Popular US-based beauty retailer Ulta Beauty has said that it will delay opening stores in Canada for an expected six months as the COVID-19 pandemic adds uncertainty and sinks the global economy. Ulta Beauty was set to take Canada by storm and disrupt competitors that until recently were seeing tremendous success in this country.
Chicago Business (paywall) last week reported that Ulta had announced that it is halting its 2020 store expansion plans which would have been 75 new stores open this year. Several of those were expected to be in Canada. Last year, former Globe & Mail journalist Marina Strauss first reported that sources had confirmed that Ulta Beauty was looking to open its first Canadian stores in late 2020 or early 2021.
Ulta Beauty has been referred to as the ‘Home Depot of beauty retailers’ with an expansive offering of brands as well as experiential stores. The retailer was founded in Bolingbrook, Illinois, in 1990 by Terry Hanson and Richard E. George, and it has become the largest beauty retailer in the United States. Ulta Beauty is said to be a one-stop shop that offers mass and prestige beauty, skincare, and haircare products in addition to unique services all under one roof; the company’s motto is “All Things Beauty, All in One Place”.
In the United States, Ulta Beauty operates about 1,200 stores and the retailer’s loyalty program boasts more than 32 million members (twice as many as Starbucks).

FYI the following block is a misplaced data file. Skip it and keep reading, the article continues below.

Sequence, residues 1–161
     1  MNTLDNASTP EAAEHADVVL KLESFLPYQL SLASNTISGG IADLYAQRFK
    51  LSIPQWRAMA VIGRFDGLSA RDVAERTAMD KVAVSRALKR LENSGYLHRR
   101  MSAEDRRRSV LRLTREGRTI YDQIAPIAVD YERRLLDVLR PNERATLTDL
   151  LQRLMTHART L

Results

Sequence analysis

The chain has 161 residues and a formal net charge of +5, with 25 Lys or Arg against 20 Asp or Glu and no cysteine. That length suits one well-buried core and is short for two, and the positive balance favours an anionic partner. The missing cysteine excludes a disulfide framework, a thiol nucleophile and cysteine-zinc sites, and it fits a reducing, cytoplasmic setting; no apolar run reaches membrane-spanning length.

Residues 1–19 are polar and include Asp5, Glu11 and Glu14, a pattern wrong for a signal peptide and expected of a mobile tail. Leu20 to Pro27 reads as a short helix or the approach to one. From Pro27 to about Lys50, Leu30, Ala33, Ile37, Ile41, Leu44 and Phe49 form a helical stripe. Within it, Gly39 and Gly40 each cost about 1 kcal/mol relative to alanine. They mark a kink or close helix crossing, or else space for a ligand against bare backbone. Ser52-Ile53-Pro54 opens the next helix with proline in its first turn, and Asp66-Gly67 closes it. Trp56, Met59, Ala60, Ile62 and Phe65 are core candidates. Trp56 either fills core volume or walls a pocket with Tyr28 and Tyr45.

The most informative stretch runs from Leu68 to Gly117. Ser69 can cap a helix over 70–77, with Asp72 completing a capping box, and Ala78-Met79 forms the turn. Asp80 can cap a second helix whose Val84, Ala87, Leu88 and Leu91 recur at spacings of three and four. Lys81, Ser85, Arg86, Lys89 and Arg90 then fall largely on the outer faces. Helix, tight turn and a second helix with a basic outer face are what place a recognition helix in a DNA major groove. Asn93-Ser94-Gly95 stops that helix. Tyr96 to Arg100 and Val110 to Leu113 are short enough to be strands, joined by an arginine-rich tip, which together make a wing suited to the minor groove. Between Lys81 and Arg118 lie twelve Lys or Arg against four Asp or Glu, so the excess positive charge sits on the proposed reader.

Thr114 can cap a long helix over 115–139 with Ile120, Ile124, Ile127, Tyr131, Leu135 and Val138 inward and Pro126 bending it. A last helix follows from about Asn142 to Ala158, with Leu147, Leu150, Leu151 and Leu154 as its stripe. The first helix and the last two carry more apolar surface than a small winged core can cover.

Last year, Ulta Beauty retained broker Sam Winberg of Retail CND to find space for the retailer’s first Canadian locations. Inside sources subsequently informed us that the retailer was looking for space in Canada and was speaking to some prominent landlords about opening in malls and other high-traffic areas. In the United States, Ulta Beauty is known to operate in suburban locations including in standalone buildings, though the retailer also operates some mall and downtown street front locations.
When it eventually happens, Ulta Beauty’s entry into Canada will result in intense competition for various retailers. That includes LVMH-owned Sephora, which has seen tremendous success in Canada which has resulted in significant market share. Other retailers that will be hit by Ulta will include department stores such as Hudson’s Bay and Nordstrom, and drug store chains such as Shoppers Drug Mart which have been expanding ‘BeautyBoutique’ concepts nationwide.
COVID-19 has resulted in the closure of most stores in Canada temporarily, and it’s unclear when they will reopen. As the number of new confirmed cases continues to rise, governments across the country have mandated that non-essential retail remain closed. It could be weeks or months before retailers open again, and many could end up never opening depending on the financial impact of prolonged store closures.
A prolonged lack of business could sink some retailers offering beauty brands in Canada. At the same time, some beauty brands have also opened standalone stores in Canada. It remains to be seen if the direct-to-consumer trend in terms of brands opening stores will continue in Canada over the next couple of years — the world of retail is changing quickly and consumer habits are also expected to shift. And if people increasingly work from home and avoid socializing, beauty brands (as well as fashion and other categories) could see reduced sales in Canada which could result in more store closures as well as a halt on further expansions.